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Kickturns, a useful survival skill even for an intermediate

marzNC

Angel Diva
#1
I didn't realize that kick turns were considered an advanced skill until relatively recently. I was taught how to do one on straight skis as a teen, and I only skied for two seasons back then so was an intermediate who couldn't even do parallel turns. I was in the northeast and knowing how to switch the direction my skis were pointing while not moving on a narrow slope was a survival skill that came in handy.

In recent years, I've become more adventurous off-piste as an older advanced skier taking lessons regularly. I started practicing kick turns at my home hill a few years ago. Asked my instructor to demonstrate because I hadn't done one in decades. Now it's something I practice during early season.

Have you had an instructor teach a kick turn? In particular in the last 10 years or so.

Recently came across a video that is a good introduction to what I kick turn looks like on steep terrain.
 
#2
I’ve never even attempted this, nor has an instructor ever brought it up (and I’ve taken quite a few lessons).. It’s definitely something I’d like to learn, it’s never fun when you find yourself in a less than desirable place to turn one way in the trees or any other sketchy location, and desperately wish you were facing the other way. Is this something any instructor should be able to help with?

I also want to learn jump turns this season.
 

marzNC

Angel Diva
#3
Is this something any instructor should be able to help with?
Maybe @liquidfeet can answer that question. I know my Level 3 instructor at Massanutten knew how to demonstrate and teach a kick turn.

I remember showing @Olesya Chornoguz how to do a kick turn during one of our early trips out west. But all I could do was demonstrate.

When it's really steep, I've figured out how to do a variation that's what I call a "sit down" kickturn. I start standing but end sitting. Came in handy when I got myself and my ski buddy into a double-black at Taos by mistake a few years ago.

Lorelei Trees, Feb 2017
TR Lorelei Trees.jpg
 

Kimmyt

Ski Diva Extraordinaire
#4
Yes, I was taught this as a part of an advanced womens ski clinic (Alison Gannett's Rippin Chix clinic). I have used this many times before, particularly in very tight trees and chutes where I am navigating exposed rocks and finding lines.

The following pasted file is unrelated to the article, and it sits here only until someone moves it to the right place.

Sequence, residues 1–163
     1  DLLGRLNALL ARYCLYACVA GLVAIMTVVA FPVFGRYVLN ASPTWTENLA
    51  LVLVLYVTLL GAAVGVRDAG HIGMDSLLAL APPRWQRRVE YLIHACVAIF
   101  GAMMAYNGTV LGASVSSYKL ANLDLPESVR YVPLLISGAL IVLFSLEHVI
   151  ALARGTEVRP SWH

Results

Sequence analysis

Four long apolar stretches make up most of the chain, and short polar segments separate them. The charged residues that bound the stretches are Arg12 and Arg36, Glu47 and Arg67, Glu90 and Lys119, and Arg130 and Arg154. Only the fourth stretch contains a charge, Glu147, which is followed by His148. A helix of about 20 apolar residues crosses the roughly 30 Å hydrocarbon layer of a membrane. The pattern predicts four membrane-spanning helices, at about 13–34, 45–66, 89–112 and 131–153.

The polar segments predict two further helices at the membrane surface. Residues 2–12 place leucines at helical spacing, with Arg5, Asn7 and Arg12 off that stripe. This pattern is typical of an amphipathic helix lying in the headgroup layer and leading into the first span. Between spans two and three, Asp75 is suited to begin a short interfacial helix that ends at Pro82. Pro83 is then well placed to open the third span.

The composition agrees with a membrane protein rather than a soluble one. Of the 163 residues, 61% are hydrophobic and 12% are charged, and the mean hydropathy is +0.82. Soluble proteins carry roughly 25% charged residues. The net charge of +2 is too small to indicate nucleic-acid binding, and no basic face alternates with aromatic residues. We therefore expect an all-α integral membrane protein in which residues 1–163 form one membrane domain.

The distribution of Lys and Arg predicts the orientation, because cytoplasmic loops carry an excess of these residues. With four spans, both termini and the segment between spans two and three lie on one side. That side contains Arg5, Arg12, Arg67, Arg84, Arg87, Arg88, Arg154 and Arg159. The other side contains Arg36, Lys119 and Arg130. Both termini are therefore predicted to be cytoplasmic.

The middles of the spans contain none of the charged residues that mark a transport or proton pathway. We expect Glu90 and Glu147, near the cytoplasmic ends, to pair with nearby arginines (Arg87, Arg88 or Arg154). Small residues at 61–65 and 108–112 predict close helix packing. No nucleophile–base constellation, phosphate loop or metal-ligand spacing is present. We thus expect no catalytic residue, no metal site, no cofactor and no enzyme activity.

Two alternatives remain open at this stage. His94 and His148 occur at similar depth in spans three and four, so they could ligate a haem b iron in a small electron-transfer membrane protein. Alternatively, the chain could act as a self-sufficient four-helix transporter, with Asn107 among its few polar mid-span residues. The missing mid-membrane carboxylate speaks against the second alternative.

#5
whoa, that's something I've never tried, but only going into my second season and will be taking more lessons upcoming! Looks handy to get out of sticky situations...
 
#6
An essential skill, IMO if you are skiing tight and/or steep areas inbounds or out. They are great for a quick readjustment. Definitely practice--know where to plant your poles so they don't interfere (ask me how I know). I am always very careful when I do them--three points of contact at all times. I like my joints!
 

liquidfeet

Ski Diva Extraordinaire
#7
Someone upthread asked how to learn to do a kick turn. I can't find the reference now to quote that post, sorry. But anyway here's how I teach it. Given that most lessons I teach are one hour, or 1.5 hours, I don't usually take the time to teach kick turns, but I do when I have an all day lesson with British teens.

1. Face downhill with skis across the hill. Stick both poles behind you firmly into the snow to keep you from falling over as you lift the downhill ski. Lean back on the poles. You can position the grips and your hands holding onto them at the back of your butt so your hands won't wobble. Do this with the poles because lifting the ski is the hard part; people lose their balance and topple if they don't use the poles this way at first. Those two poles will help stabilize you. Be sure to lean back firmly on the poles.

2. Lift downhill ski up off the snow until it is vertical, and prop its tail in the snow right next to the tip of the uphill ski. That tail must be right next to the uphill ski's tip. Reposition if at first unsuccessful, leaning back on the two poles stuck in the snow behind you to stabilize yourself. (Don't move the poles, lean back on them!) The tail of that ski once it's on the snow added to the two poles behind you will form three points of contact that will increase your stability from this point on.

**3. Next, rotate the upright ski's tip down onto the snow below you, using its tail as the pivot point. You will have rotated the tip and dropped it onto the snow beside the uphill ski that you've been standing on. The goal is to drop it parallel to the uphill ski. The tail, stuck in the snow, shall not move! If your range of motion in your hips doesn't allow it to get it fully parallel, just do the best that you can. Scoping out a "clear runout" is needed if you are doing this on a pitch andif you cannot get the skis parallel; you might take off downhill a little. I teach this on flat terrain at first to avoid that issue.

**It's at the start of #3 that seriously cautious skiers can back off and put the lifted ski back where it was before. #3-4 involve the "commitment" the skier in the video above talks about, which can appear quite daunting until done once.